50 miles outside of Toronto is Lake Simcoe. Here, Taylor Smith Architects were tasked with building a simple cabin with lakeside and, as the name indicates, sunset views. To prevent intruding on the land, they built the cabin in an empty parking lot, numbered each piece, and assembled it on its current plot. Sunset Cabin features a green roof, meant to help it blend into the woodland around it, while offering unobstructed views of the lake from its one-room interior. Featuring only a bed with built-in drawers, a wall of storage cabinets and a wood burning stove, the owners wanted this petite addition to be used as a private retreat from their main home on the property. As seasons change, so does Sunset Cabin’s façade. When the woodland vegetation is in full bloom, the trees drape across the abode camouflaging it from plain view. In the colder months, its horizontal cedar slats contrast yet complement the vertical nature of the surrounding trees.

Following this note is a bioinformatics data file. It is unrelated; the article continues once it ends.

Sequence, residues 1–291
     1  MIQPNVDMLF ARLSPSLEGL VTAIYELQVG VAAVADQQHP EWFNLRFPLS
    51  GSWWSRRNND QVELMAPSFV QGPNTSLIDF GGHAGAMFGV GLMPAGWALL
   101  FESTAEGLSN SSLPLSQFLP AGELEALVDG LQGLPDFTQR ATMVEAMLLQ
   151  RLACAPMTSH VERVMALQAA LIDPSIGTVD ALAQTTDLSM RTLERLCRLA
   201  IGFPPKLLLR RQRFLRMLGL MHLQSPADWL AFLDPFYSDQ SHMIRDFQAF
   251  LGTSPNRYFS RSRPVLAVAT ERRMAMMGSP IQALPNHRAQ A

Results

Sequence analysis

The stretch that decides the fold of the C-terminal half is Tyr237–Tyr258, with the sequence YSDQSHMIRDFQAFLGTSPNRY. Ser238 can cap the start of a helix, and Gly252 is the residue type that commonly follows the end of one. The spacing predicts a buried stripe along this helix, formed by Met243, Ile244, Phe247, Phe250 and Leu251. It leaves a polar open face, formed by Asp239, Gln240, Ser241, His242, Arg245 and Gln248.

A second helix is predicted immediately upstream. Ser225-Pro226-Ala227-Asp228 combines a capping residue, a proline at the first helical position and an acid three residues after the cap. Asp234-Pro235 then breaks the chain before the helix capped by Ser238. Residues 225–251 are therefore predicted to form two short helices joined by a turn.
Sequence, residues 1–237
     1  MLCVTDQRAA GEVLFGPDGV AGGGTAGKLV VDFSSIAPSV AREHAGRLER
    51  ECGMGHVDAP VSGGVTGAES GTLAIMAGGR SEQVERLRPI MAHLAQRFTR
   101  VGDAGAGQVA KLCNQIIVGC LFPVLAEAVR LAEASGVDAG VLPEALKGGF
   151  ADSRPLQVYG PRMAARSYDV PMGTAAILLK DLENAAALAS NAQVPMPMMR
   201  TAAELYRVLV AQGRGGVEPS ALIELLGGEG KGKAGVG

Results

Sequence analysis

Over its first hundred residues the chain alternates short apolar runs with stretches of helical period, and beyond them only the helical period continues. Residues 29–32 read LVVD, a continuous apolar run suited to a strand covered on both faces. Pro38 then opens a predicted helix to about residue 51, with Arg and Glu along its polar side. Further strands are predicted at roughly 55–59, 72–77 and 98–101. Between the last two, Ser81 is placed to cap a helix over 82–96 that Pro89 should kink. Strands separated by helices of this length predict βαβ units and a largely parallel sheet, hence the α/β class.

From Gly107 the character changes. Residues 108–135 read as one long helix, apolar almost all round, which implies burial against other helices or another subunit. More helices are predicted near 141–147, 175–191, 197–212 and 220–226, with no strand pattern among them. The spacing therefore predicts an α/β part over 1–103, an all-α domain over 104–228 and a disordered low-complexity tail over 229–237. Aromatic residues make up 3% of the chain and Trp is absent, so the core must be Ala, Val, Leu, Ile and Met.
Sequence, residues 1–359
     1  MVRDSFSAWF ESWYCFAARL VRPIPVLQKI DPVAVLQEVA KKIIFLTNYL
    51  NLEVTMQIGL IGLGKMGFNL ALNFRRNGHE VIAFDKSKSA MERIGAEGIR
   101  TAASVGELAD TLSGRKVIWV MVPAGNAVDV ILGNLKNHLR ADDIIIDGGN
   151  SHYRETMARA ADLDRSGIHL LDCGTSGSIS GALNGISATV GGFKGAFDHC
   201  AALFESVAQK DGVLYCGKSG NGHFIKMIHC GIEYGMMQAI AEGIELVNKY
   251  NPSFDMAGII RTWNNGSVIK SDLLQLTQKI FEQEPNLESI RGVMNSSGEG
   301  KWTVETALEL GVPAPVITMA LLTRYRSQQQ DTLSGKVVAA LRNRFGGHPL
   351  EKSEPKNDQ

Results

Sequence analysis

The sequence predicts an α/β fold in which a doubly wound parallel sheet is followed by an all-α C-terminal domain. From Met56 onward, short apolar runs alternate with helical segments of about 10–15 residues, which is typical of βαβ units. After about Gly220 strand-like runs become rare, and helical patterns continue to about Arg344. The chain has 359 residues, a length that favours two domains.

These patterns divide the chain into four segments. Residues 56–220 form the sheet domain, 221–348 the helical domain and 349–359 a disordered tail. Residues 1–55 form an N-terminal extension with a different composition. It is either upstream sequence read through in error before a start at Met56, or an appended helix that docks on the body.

Photo by Ben Rahn/A-Frame Inc.

La Dacha Mountain Retreat
Las Trancas, Chile

Chilean-based architecture firm Del Rio Arquitectos Asociados (DRAA) are in the business of sprinkling modern cabins within Chile’s native woodlands. These projects are meant to share the beauty of these unique landscapes with visitors. La Dacha Mountain Retreat, though it aesthetically appears similar to the firm’s Shangri-la project, was designed specifically for the plot of land it was placed on. Designed in a unique vertical V-shape, its second level floor-to-ceiling windows follow the sun’s path from rise to set while also serving as the entry floor to the home. Constructed from SIP board and Lingue wood, the home is a highly insulated mountain escape that keeps environmentalism in mind. The designers included a masonry stove that only requires one load of wood per day, and is meant to release heat at a constant rate for long periods of time. The walls and windows are specially insulated to keep harsher climates out. Panoramic views, warm spacious living areas and the opportunity to explore some of the oldest forests in the world make this cabin a must-visit.


Asnes, Norway